By Dean Murray

Astronauts are preparing to explore the Moon – by pushing a buggy around the Arizona desert.

NASA are conducting a week-long field test in the lunar-like landscape of San Francisco Volcanic Field near Flagstaff to practice moonwalk scenarios.

The space agency say the exercise expands on previous field tests the team has performed and is the highest fidelity Artemis moonwalk mission simulation to date.

NASA astronaut Kate Rubins observes a geology sample she collected during a simulated moonwalk. (Pix via SWNS)

Astronauts Kate Rubins and Andre Douglas are serving as crewmembers and wearing mockup spacesuit systems as they traverse through the desert, completing a variety of technology demonstrations, hardware checkouts and Artemis science-related operations.

NASA uses field tests to simulate missions to prepare for deep space destinations. The Arizona desert has been a training ground for lunar exploration since the Apollo era because of the many similarities to the lunar terrain, including craters, faults and volcanic features.

During the test, two integrated teams work together as they practice end-to-end lunar operations. The field team consists of astronauts, NASA engineers, and field experts in the Arizona desert conducting the simulated moonwalks, while a team of flight controllers and scientists at NASA’s Johnson Space Center in Houston monitor and guide their activities.

“Field tests play a critical role in helping us test all of the systems, hardware, and technology we’ll need to conduct successful lunar operations during Artemis missions,” said Barbara Janoiko, director for the field test at Johnson. “Our engineering and science teams have worked together seamlessly to ensure we are prepared every step of the way for when astronauts step foot on the Moon again.”

The test consists of four simulated moonwalks that follow operations planned for the Artemis III mission and beyond, as well as six advanced technology runs.

During the advanced runs, teams will demonstrate technology that may be used for future Artemis missions, such as display and navigation data stream capabilities in the form of a heads-up display using augmented reality or lighting beacons that could help guide crew back to the lander.

Ahead of the field test, the science team at Johnson that was competitively selected and tasked with developing the science objectives for the field test, followed a planning process designed for Artemis missions. Their preparation included generating geologic maps, a list of science questions, and prioritised moonwalk locations for both the primary and back-up “landing sites” for the test.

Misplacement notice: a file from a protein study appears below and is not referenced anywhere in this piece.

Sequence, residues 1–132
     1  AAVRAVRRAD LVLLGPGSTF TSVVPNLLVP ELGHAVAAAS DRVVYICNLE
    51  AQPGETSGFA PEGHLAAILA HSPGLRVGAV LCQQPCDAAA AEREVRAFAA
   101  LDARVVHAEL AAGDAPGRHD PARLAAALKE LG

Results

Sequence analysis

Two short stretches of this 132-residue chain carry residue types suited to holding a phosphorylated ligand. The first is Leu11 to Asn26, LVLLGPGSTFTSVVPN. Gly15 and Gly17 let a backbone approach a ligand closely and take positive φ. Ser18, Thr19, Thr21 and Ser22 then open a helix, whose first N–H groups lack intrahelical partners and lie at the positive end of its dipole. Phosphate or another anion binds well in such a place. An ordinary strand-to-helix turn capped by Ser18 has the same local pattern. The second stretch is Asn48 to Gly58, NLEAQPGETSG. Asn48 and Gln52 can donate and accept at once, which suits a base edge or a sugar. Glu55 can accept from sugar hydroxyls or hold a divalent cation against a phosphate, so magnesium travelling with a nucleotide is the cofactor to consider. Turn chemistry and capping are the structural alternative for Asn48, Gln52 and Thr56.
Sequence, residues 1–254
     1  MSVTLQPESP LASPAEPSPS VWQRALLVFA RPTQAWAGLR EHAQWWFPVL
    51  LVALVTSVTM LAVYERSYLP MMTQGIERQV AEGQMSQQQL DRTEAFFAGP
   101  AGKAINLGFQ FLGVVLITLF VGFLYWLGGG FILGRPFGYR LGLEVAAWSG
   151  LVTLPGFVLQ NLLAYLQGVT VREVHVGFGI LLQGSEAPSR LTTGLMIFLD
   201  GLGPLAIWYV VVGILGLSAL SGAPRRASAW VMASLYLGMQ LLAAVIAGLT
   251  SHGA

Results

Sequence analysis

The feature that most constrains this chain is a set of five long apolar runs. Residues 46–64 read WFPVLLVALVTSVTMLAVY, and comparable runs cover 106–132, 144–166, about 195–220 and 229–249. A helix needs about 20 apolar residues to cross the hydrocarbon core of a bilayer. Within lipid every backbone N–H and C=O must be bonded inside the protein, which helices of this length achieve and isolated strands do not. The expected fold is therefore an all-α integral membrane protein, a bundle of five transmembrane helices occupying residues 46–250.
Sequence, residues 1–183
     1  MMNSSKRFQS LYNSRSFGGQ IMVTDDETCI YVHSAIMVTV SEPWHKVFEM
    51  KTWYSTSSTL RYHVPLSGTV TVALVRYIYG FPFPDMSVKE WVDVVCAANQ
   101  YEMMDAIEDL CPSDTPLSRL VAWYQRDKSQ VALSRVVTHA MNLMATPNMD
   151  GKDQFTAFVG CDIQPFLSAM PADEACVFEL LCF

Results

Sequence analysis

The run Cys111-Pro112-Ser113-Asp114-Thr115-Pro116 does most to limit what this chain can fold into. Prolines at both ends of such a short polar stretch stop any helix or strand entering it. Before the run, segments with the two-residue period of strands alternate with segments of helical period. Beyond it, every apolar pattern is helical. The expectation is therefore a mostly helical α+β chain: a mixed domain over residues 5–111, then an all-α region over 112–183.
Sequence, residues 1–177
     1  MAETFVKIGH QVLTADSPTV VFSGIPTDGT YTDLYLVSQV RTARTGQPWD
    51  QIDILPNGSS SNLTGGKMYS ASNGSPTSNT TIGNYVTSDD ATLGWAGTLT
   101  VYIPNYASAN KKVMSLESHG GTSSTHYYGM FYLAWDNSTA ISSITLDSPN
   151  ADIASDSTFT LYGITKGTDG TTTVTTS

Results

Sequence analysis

“During Artemis III, the astronauts will be our science operators on the lunar surface with an entire science team supporting them from here on Earth,” said Cherie Achilles, science officer for the test at NASA’s Goddard Space Flight Center in Greenbelt, Maryland. “This simulation gives us an opportunity to practice conducting geology from afar in real time.”

The test will evaluate gaps and challenges associated with lunar South Pole operations, including data collection and communications between the flight control team and science team in Houston for rapid decision-making protocols.

At the conclusion of each simulated moonwalk, the science team, flight control team, crewmembers, and field experts come together to discuss and record lessons learned. NASA will take these lessons and apply them to operations for NASA’s Artemis missions, commercial vendor development, and other technology development.

This field test is the fifth in the series conducted by the Joint Extravehicular Activity and Human Surface Mobility Test Team led out of Johnson.

Through Artemis, NASA will land the first woman, the first person of color, and its first international partner astronaut on the Moon, paving the way for long-term lunar exploration and serving as a steppingstone for astronaut missions to Mars.

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